A JUDGE was moved to offer a dad another chance after he promised the court would never seen him again.

James Barras told Judge Timothy Stead: "If you give me a chance I promise you will never see me in front of your court again."

Judge Stead admitted he was inclined to try and help Barras after hearing he had struggled with heroin addiction in the past and was trying to make a new life for himself.

Judge Stead told Barras: "I'm going to give you what chance I can."

Barras, 29, appeared before Bolton Crown Court yesterday having plead guilty to wounding Thomas Walker on March 7, this year.

Barras, Mr Walker and another man, Adam Whitworth were all leaving Barras' home in Paderborn Court, Bolton.

Mr Walker and Mr Whitworth were arguing about a car parking ticket the court heard from Verity Quaite, prosecuting, and Mr Walker tried to take Mr Whitworth's bag with the ticket in it.

Barras told Mr Walker: "If you hit him again I'll hit you."

Miss Quaite said Barras punched Mr Walker in the face and he fell to ground, hitting his head on a railing and "appeared to have a fit".

Mr Walker was unconscious and Barras placed him in the recovery position before fleeing the scene. Mr Whitworth called 999.

Mr Walker was left with a one inch cut to his face which needed eight stitches and bruising and swelling to the back of his head.

Miss Quaite said: "He is concerned this will affect his confidence."

Barras, who has a string of convictions to his name, moved to Bolton from Wiltshire in the last 10 months to live with his grandmother to change his life said Nick Clarke, defending.

The court heard that he had been dumped in early 2018 because of his heroin addiction.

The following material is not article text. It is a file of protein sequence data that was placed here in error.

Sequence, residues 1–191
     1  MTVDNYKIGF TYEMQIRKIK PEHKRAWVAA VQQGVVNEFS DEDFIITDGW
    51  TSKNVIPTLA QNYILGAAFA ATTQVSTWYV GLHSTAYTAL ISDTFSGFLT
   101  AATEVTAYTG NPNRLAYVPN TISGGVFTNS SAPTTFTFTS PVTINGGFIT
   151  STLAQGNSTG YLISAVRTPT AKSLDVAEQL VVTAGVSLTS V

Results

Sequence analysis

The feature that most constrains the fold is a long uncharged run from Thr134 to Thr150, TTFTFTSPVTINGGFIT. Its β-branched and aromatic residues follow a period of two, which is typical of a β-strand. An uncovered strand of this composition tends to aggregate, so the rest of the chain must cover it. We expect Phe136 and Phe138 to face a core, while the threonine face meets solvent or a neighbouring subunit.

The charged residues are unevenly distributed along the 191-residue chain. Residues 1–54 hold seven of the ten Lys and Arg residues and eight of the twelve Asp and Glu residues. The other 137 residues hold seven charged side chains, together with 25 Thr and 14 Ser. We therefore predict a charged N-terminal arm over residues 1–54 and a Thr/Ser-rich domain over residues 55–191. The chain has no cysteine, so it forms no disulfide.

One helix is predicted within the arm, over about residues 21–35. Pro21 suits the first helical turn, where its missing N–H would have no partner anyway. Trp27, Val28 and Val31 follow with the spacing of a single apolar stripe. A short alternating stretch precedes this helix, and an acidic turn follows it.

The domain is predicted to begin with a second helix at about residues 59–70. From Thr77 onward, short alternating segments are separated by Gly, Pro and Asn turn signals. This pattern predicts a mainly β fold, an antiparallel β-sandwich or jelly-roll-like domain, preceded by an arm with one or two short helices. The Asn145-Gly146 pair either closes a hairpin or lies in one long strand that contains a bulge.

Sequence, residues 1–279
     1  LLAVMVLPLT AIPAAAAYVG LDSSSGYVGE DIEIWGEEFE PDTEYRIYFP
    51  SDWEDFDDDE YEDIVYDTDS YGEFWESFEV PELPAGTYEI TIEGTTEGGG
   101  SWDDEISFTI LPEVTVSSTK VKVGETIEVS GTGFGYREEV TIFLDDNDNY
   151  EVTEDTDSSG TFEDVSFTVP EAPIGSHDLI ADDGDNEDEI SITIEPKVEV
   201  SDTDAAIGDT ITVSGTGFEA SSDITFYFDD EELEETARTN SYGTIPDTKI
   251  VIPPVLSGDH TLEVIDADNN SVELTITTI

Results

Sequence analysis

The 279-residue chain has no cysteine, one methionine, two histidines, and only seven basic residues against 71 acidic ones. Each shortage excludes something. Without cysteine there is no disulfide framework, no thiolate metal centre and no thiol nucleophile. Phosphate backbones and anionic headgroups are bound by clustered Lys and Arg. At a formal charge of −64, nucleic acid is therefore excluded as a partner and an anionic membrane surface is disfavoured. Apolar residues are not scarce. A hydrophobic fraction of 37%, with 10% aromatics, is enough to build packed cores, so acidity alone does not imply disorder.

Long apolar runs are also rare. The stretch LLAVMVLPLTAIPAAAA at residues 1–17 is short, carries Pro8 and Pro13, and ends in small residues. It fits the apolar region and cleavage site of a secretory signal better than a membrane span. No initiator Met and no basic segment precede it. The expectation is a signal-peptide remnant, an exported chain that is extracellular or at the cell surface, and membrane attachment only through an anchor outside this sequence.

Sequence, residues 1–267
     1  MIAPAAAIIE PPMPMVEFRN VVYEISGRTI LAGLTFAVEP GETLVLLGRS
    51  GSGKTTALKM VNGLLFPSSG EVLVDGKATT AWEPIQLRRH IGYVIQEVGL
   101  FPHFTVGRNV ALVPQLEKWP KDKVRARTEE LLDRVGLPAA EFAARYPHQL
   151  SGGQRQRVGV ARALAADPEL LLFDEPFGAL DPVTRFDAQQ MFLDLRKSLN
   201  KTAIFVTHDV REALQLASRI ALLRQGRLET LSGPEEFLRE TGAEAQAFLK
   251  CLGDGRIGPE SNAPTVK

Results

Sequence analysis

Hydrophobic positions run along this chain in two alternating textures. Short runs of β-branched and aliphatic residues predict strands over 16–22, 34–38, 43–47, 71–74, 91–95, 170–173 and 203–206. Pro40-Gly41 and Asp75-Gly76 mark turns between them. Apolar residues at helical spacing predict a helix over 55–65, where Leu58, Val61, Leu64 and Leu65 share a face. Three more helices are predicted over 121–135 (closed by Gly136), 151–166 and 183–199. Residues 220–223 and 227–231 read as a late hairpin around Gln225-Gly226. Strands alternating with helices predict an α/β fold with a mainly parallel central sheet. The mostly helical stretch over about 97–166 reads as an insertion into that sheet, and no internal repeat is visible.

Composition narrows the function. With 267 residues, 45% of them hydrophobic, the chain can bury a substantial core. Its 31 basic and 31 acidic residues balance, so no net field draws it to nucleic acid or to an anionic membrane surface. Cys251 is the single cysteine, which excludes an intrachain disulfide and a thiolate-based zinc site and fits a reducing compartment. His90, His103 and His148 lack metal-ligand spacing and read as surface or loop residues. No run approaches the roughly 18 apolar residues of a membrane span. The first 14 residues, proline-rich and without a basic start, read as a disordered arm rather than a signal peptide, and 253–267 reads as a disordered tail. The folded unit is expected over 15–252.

Mr Clarke said: "He left the former partner's home and threw himself into his addiction and committed offences in order to further that.

"In July last year he realised his life could get no lower. He had a photograph of his young daughter, who he was very much attached to and in contact with.

"He decided to change his life. He stole a bicycle and got recalled."

Barras was then put on a 12 day methadone programme and left prison drug free said Mr Clarke.

"He has remained drug free ever since."

The court heard how Barras had found his own accommodation and was at risk of losing his home if he was given an extended prison sentence.

Judge Stead acknowledged that Barras had been in custody for five weeks and four days since handing himself in to police.

In a bid to help Barras remain at his home he gave him a sentence of 10 weeks, meaning he would be released immediately.

Judge Stead said under normal circumstances Barras' record and breach of his conditional discharge would have landed him months in prison.

He said: "On the other hand it looks as though he's been making some efforts...There comes a point at which it may be possible to reflect the efforts someone is making and try to avoid a situation where reoffending become unavoidable."